Three key considerations when designing seamless networks in metro systems

As indoor wireless network coverage becomes more abundant throughout the world, users expect anytime anywhere connectivity. This includes technically complex environments such as underground transit systems. Whether making a call while coming down an escalator, catching up on the news while waiting on the platform, streaming video onboard the train or during an emergency situation, users expect the network to meet their high mobile demands.

But providing these networks is another story. Metro systems are one of the harshest indoor environments around: in terms of design challenges, deployment challenges and ensuring the equipment stays protected throughout the network’s lifespan.

We asked our colleagues at iBwave to share some of their insight when it comes to mobile network design for such an environment, something they do as part of their day jobs. Here’s what they had to say…


At iBwave we recently delved a little deeper into the challenges of metro network design in a webinar. Let’s look at some of the pertinent points.

Space is limited
In a perfect world, a wireless network includes antennas in the best possible position to obtain optimal coverage and capacity for the area around it. In an underground transit system, designers have to take into consideration significant space constraints (one reason that the London Underground still doesn’t have a network is because of the extreme lack of free space in the tunnels). At the design stage this is critical – a realistic and achievable network design must reflect the lack of space in a challenging environment such as a metro system.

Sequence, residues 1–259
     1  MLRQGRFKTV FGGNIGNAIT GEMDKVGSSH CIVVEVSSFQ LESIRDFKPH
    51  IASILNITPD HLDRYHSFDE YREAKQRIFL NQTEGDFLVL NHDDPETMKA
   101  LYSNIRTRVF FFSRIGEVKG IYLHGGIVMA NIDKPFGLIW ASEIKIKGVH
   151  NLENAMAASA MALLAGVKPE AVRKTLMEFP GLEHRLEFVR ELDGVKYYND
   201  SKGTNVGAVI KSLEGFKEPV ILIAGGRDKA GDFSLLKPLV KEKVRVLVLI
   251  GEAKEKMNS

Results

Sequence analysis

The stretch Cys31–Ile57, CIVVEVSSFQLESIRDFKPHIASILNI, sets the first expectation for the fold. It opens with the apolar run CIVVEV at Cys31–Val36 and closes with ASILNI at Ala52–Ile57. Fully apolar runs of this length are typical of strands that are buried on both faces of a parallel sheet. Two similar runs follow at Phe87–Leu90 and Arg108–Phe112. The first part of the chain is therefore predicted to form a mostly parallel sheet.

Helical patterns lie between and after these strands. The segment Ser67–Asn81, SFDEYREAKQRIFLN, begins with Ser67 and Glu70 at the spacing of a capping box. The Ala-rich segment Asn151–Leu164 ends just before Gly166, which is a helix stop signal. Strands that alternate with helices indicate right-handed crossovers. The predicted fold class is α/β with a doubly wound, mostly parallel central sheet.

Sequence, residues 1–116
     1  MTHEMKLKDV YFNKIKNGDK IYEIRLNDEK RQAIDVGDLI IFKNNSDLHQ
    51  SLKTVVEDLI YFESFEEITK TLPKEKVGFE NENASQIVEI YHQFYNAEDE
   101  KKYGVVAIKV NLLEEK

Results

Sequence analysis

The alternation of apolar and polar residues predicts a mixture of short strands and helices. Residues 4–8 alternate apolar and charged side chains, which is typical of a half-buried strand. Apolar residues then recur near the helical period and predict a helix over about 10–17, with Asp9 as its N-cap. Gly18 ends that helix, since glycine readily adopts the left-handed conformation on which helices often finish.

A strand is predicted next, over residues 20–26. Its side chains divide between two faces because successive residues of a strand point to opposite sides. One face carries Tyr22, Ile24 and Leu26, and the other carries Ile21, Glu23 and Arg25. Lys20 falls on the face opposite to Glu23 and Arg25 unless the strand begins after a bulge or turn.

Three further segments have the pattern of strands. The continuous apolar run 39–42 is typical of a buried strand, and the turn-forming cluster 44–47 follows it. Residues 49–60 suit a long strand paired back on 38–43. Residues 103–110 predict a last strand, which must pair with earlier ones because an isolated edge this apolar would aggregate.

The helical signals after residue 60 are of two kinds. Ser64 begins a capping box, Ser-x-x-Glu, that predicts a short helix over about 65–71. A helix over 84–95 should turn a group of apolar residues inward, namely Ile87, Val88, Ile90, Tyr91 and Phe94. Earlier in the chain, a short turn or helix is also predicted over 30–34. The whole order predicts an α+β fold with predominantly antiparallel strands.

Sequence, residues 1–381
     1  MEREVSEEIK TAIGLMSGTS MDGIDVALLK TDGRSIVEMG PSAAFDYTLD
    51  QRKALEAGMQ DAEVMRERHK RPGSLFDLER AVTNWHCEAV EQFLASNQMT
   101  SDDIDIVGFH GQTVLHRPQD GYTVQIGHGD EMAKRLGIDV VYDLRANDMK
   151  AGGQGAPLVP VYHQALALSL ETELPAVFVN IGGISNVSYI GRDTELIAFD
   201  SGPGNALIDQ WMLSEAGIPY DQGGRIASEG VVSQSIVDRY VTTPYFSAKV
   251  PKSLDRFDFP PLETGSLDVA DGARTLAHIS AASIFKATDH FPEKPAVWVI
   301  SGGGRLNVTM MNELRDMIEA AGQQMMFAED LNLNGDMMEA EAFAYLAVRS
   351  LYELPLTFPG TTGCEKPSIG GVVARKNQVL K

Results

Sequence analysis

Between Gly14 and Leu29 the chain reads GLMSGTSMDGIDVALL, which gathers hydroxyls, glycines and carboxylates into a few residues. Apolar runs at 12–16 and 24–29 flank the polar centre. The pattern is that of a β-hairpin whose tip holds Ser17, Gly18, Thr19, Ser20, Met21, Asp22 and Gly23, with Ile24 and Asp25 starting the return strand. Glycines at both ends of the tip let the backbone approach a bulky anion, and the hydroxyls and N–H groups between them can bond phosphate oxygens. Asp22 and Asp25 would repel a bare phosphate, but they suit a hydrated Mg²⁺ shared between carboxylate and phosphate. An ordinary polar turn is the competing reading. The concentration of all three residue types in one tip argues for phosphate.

Past and present collide
Another challenge for many of the metro systems around the world is that they have historical significance and are considered historical sites. Wireless designs therefore have to be approved by the city’s heritage department, on top of the many other departmental approvals required, before you can even think about installing anything. Like in the case of the Istanbul Metro, for example, which is the second-oldest subterranean urban rail line, with the London Underground being the oldest. The newest of public safety wireless coverage systems needed to be deployed, while staying sensitive to the history of the environment.

Time is money
When deploying the networks, the work schedule becomes the biggest challenge. Systems need to be integrated either when the trains are not running or in the case of 24/7 metro systems, during the less busy times. This inevitably means in the dead of night. Besides making way for trains, integrators also need to be wary of the deadly “third rail” while working. System integrators often opt to install both public safety and cellular systems at the same time wherever possible, to limit exposure to these risks during installation – like in the case of the Stockholm Metro, for example.

And as if all this isn’t enough, after the deployment is complete, there are further challenges still. Extreme heat and cold, flooding, train brake dust and vandalism all need to be considered in order to protect the equipment.

So next time you’re checking emails while waiting for a train, you can think of all of the grit, guile, technology and hard work that went into getting you that signal.

 

Marie-Claire_iBwave Marie-Claire Charlton
Marketing & Communications Specialist, iBwave

Marie-Claire is a b2b marketing and communications professional with ten years of experience in writing, branding, campaign development, project management, thought leadership initiatives and social media strategy.

 

Back to blog list